In a decision in the New York action, dated January 18, 2002, Hon. Patrick D. Monserrate, Justice of the Supreme Court, Delaware County, New York, treated the alleged July 1997 agreement as valid and held that Brodeur, Sr. had waived the affirmative defense of release by failing to plead it.*fn1 Accordingly, Judge Monseratte granted summary judgment to Sean McNamee on his counterclaim on the guarantee. Sean McNamee thereafter entered judgment against Brodeur, Sr. in New York and moved to enforce the judgment in North Carolina, where Brodeur, Sr. resided. In August 2002, in furtherance of his enforcement efforts, Sean McNamee obtained an "Order Granting Motion to Enforce" in the General Court of Justice, Superior Court Division, New Hanover County, State of North Carolina.
On March 25, 2002, Judge Monseratte issued another decision in the New York action. Among the issues determined, he held that William Brodeur and Northeast had demonstrated as a matter of law that the transfer to them of IMF assets was not a pattern of self-dealing and breach of fiduciary duty, but rather was done in accordance with the handwritten January 12 and 20, 1997 documents, and with the full knowledge and consent of Brodeur, Jr. and Cindy Brodeur,
IMF's shareholders. Judge Monseratte thus granted partial summary judgment to William Brodeur and Northeast dismissing certain claims against them.
In his complaint in this Court in Dale R. Brodeur, Sr. v. Sean McNamee, William Brodeur, and Northeast Fabricators, LLC., 3:02-CV-823, filed June 21, 2002, Brodeur, Sr. claims that Sean McNamee breached the alleged July 1997 agreement by entering judgment against Brodeur, Sr. in New York based on Judge Monseratte's January 18, 2002 decision granting summary judgment to Sean McNamee on the guarantee, and by pursuing collection activities in North Carolina based on the New York judgment. Brodeur, Sr. further claims that by virtue of the alleged July 1997 agreement, William Brodeur and Northeast are bound to defend him from Sean McNamee's claim based on the guarantee and to hold him harmless from Sean McNamee's judgment, but have failed to do so.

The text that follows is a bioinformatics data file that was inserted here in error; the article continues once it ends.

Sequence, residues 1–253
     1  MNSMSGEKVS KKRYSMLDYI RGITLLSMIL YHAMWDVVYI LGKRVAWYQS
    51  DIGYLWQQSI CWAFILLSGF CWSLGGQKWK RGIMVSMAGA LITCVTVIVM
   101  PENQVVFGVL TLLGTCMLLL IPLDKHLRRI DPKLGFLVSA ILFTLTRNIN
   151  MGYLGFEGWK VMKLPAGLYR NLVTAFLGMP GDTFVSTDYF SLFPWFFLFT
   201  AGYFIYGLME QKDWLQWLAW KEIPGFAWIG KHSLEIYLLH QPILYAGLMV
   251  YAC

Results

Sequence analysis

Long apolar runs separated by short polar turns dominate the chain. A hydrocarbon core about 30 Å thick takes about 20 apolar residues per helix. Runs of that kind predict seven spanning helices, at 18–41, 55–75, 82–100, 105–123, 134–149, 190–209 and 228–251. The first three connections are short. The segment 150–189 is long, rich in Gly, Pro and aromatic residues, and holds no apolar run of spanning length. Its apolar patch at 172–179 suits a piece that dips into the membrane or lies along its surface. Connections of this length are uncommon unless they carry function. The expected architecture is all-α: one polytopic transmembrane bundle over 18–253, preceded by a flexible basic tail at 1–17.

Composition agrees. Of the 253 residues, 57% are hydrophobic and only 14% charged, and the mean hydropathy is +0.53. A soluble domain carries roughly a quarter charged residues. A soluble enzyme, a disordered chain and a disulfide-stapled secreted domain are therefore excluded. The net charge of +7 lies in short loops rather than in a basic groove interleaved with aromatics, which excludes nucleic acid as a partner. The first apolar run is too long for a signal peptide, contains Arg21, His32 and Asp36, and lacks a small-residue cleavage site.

In their amended complaint in this Court in Dale R. Brodeur, Sr., Dale R. Brodeur, Jr., and Cindy Brodeur v. William Brodeur, 3:02-CV-846, commenced June 26, 2002, Brodeur, Sr., Brodeur, Jr. and Cindy Brodeur sue William Brodeur. They rely on the three handwritten writings authored by William Brodeur dated January 12, 20 and 24, 1997, concerning distribution of the assets and liabilities of IMF. Plaintiffs point to Judge Monseratte's March 25, 2002 decision, wherein he treats the three January 1997 papers as constituting the parties' agreement. Plaintiffs contend that pursuant to that agreement William Brodeur was required to borrow $450,000 and use it to pay IMF's liabilities, with the purpose of freeing IMF's shareholders, Brodeur, Jr. and Cindy Brodeur, from IMF's debt. Plaintiffs claim that William Brodeur breached that agreement by, inter alia, failing to pay IMF's payroll taxes and other payables, thus causing plaintiffs to be "held liable for IMF indebtedness that was to be exonerated under the terms of the agreement." They also claim that William Brodeur "has enriched himself by use of the assets he took control of under the parties' agreement and without paying consideration to the owners of those assets."
By motion returnable November 6, 2002, Sean McNamee, William Brodeur and Northeast moved this Court to dismiss action 3:02-CV-823 under Fed. R. Civ. P. 12(b)(1) on the ground that the claims before this Court are, in effect, a challenge to a state court judgment (i.e., Judge Monseratte's grant of summary judgment to Sean McNamee) and are therefore barred by the Rooker-Feldman ...